Controversial Speaker Should Abstain From “Hate Speech” or Be Disinvited
A popular but controversial speaker “should promise to abstain from hate speech before event” or be banned from a scheduled free speech appearance at George Washington University [GWU], says an OpEd in the college’s official newspaper.
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The irony is that he was invited in an effort to prove that free speech and academic freedom is still alive and well on the campus after the appearance of a well known rapper, selected by the official student body chosen to plan such events, was prohibited from appearing because some students objected to the lyrics in one of his songs.
Perhaps responding to the growing chorus of criticism of colleges which suddenly disinvite speakers when small groups of students don’t want other students to hear what they have to say, this piece says that Milo Yiannopoulos “should be allowed to come to GW, but he shouldn’t be allowed to target minorities within our student population. Before Yiannopoulos comes, he should assure students and administrators that he will not actively engage in hate speech at GW.”
But this editorial’s author seems to be under the same delusion that many of his colleagues share: that there is a “hate speech” exception to free speech.
But the Supreme Court has said time and again that there is no exception for hate speech under the First Amendment, and that even the most hateful of speech – the burning of the American flag, vile slurs of gays and others at funerals for soldiers – is protected, says public interest law professor John Banzhaf.
The editorial also suggests that the right of free speech “must be properly balanced with the inherent dignity of all people and their right to engage on campus without fear of threats or hateful speech”; a proposition repeatedly rejected as contrary to over 200 years of law in the United States, starting with the trial of John Peter Zenger which was hateful towards the lawful government.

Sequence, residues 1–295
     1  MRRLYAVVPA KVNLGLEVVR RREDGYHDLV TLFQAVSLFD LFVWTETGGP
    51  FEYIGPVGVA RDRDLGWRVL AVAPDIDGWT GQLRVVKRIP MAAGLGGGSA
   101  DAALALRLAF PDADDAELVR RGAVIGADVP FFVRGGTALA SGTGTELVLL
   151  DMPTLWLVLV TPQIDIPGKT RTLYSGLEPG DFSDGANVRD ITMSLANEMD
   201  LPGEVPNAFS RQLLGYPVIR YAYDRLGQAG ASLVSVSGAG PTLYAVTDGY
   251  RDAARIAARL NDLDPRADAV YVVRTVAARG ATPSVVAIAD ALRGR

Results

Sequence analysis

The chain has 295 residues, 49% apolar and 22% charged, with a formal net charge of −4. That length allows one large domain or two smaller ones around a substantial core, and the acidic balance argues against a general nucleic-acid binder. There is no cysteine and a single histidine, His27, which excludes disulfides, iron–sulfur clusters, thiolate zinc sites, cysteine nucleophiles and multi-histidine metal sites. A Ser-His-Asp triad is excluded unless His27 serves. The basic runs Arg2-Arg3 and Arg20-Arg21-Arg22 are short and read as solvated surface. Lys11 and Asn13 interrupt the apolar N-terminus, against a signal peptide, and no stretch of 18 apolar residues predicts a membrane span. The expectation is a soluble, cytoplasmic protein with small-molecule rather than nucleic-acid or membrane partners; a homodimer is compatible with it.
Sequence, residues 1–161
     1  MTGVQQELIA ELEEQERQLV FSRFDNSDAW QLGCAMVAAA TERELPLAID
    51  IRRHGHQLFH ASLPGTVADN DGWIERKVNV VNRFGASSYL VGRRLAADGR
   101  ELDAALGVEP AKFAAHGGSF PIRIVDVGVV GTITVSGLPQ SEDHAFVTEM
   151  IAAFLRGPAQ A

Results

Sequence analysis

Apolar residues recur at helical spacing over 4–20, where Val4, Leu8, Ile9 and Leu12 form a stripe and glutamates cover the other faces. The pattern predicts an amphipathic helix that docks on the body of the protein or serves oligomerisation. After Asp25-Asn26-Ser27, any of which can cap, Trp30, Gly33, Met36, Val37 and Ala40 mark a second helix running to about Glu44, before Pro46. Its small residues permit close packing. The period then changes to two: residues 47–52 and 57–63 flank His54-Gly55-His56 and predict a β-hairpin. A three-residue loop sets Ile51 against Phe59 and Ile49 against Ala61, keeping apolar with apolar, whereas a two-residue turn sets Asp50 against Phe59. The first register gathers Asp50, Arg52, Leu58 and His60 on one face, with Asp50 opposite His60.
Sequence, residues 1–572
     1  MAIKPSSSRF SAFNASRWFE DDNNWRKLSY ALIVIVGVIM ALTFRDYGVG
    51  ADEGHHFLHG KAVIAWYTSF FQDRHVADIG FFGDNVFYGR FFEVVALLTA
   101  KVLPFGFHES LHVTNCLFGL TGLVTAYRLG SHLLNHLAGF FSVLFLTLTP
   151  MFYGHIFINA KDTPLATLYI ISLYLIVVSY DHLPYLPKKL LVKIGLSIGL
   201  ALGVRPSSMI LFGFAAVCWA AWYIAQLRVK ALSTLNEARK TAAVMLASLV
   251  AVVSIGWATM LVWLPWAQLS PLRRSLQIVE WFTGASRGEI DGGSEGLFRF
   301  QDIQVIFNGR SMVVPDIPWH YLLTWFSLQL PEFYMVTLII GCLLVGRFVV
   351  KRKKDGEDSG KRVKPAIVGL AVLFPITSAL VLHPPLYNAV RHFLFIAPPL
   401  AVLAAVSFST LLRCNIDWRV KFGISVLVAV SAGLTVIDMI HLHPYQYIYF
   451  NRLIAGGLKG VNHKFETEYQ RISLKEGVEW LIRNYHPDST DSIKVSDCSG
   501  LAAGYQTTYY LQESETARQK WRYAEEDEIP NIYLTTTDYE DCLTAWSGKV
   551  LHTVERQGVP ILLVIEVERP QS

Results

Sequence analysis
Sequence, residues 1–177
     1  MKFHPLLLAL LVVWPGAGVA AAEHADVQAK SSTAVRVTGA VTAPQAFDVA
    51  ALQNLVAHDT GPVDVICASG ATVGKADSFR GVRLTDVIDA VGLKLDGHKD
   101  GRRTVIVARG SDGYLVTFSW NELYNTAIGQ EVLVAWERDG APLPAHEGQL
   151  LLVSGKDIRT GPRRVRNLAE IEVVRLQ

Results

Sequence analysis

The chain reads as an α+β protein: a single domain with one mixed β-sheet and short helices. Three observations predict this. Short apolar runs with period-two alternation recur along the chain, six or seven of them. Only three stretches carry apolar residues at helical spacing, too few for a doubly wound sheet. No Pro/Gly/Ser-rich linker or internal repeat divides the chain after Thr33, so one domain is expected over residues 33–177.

“No group and no idea is above criticism and critical comment,” says Banzhaf, who has fought against the suppression of free speech and for academic freedom at GWU as well as elsewhere.
Whatever position one takes regarding the Arab-Israeli conflict, someone can claim it is hateful. Opposition to racial preferences on campus has been called hateful and racist even when voiced by well known African American scholars, just as speech questioning “rape culture” been condemned as hateful and misogynistic even when advanced by feminists, notes Banzhaf.
But all this comes as no surprise at a university which banned and almost expelled a student for briefly displaying an ancient religious symbol which was momentarily mistaken for a Nazi swastika – an expulsion which was only halted when GWU’s action was universally condemned both here and abroad, and legal action against it and its officials was threatened.
Shortly thereafter, a student was required to take down a Palestinian flag when other students objected, even as many other similar flags with less controversial messages were ignored, says Banzhaf.
Students who don’t want to be exposed to ideas contrary to their own, or which they find derogatory to their group, should stay away or stage events with other messages, but even the most controversial speakers shouldn’t be muzzled by promises to engage in only political correct speech, he says.